As time went on I slowly began changing. Most of the actions in my life since I’ve stopped my self-destructive behavior have been focused on creativity; writing, drawing, building, and learning have worked wonders as they drive me towards becoming a better man, but what I initially missed was improving upon a more productive and creative, reaction to life. When I magnified appreciation, acceptance, tolerance, and forgiveness I ended up manifesting a creative environment. My perspective on all which surrounded me was beginning to align with what I wanted for myself. I’ve done my best to drop the desire to compare the present with the past and this has helped me to better absorb the moment without as much prejudice. Taking on the roles of both participant and observer has shifted my perspective towards a more compassionate lifestyle, though I’m not nearly in a place I should be yet. Selfishness and self-centeredness still assert themselves frequently, especially in the form of not listening and interrupting. Impatience, judgment, procrastination, and a whole plethora of other unwanted personality traits are still in my bag of tricks. Fortunately, a lot of them are becoming rather dusty.
My “observer” is to the point now where simply I cannot watch the yearly replay of those horrific events from twelve and a half years ago. I’ve tried, and it’s just too much. Too much suffering, too many lives forever fractured by the losses of their loved ones. All the tomorrows gone forever, and all the memories that cannot be erased. For those wounded who survived, it must be like a splinter in the soul never to be removed; a constant reminder of what cannot be repaired or replaced.
Last year my wife and I visited ground zero. I fully expected to enter a space of restlessness and despondency. It was nothing of the sort, in fact it was one of the most spiritual places I’ve ever been; peaceful, beautiful, and inspiring. The museum on the grounds was not open yet, but we did attend another called “The Ground Zero Museum Workshop.” There are stories and photos here you probably have never heard or seen. It chronicles the event itself along with the aftermath in the weeks and months that followed. Here is a link- Ground Zero Museum Workshop. This tiny gallery (it’s literally one room) is also a holy place. I highly recommend it.
Those people who died that day paid with their lives to give us the gift of not only a more United States of America, but a more united world; one where we can look at each other and not just accept our differences, but ignore them completely. They say what doesn’t kill us makes us stronger. Damn right.
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With Love and Compassion, Daniel Andrew Lockwood
on ” 9-11 ” , I was getting ready to take my then 15 year old Son to get his drivers permit. I had let him skip school and he was as giddy as a toddler at Christmas. The TV was on , the newscasters tone changed and plane 1 had already hit the tower, I watched , trying to understand what was happening. I honestly thought that the newscasters sounded surreal, as if this was something they were announcing about a new film that was out and they were showing a trailer from it. There wasn’t the alarm-tone I would expect if it were for real. Iv’e never watched horror or scary shows or even sci-fi, so I had no grid for sensationalism , and was brought up very strict when it came to television.. . . Then the second plane hit right before my eyes. I again said, this must be a TV movie, this cannot be real . After which eventually both towers collapsed, I went somewhere in my mind to recent documentaries I had seen on how to implode buildings in the inner city, How the charges must be set, thus and so. I immediately thought this must just be a building collapse project. Interesting how our mind protects us initially. I don’t blame myself for my reactions, they are there due to what I have taught them.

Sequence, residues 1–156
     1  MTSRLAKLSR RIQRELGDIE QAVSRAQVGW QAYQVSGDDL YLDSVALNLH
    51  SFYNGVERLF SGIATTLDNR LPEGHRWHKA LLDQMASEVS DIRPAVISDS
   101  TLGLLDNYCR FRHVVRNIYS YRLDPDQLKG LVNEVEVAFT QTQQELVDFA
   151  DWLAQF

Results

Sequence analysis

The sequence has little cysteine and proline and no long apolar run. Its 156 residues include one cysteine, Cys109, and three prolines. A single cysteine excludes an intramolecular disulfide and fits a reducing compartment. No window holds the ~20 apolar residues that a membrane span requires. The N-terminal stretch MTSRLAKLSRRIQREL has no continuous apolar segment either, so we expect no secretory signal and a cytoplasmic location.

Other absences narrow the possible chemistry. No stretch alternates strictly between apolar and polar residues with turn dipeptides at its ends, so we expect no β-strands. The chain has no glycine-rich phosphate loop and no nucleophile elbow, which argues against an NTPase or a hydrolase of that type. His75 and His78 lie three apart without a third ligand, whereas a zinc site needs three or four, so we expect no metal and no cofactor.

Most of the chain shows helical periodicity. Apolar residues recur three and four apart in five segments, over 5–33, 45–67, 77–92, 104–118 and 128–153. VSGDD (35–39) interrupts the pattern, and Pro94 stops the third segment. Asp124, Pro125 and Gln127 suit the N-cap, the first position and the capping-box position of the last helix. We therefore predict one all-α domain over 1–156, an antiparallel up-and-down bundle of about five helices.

This day would change my life and others, forever. I could scarcely take it in.
I wanted to sit by the television all day and just mourn, watch and wait for something good, or even brace myself for the next blow. I just couldn’t do this to my Son. It was His Big day. It was also Our Birthday( born on the same day) . I was sure he didn’t want to sit and watch Mama cry and pour over the news all day. So, we went and we completed every plan we had made for the day. Now and then He would interject how afraid he was. I understood.
He got his permit, and we just drove. up high into the mountains, and we felt somehow safer there. We stopped and took an old time photo where you dress up in costume ( this is a tradition on our birthday for years. ) We were gunslingers, We looked the part. And to this day I see the Eerie look of anger, fear, sadness, even hatred in my eyes at what the terrorists have done to us. Our Birthday has never been the same. Many entire lives have never been the same. Some for better, some for worse. Thankful I know who my God is. He is with us ALL, no matter the trial.
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I read your post with great interest. I live in Wales which is part of the UK next to England . ( if you look on a map of the UK)
Anyway , I remember 9/11 very well. Like you I did not realise what was happening when the towers collapsed. I was working at a dental surgery. There was a tv on for the patients in the waiting room. I went in to call in a patient. All the patients looked shocked at the tv and I turned round to see what was happening I thought it was a demolition of some kind and didn’t think anything more about it. The patient told us what had happened in the surgery. I spent the rest of the day in shocked silence along with the rest of our patients.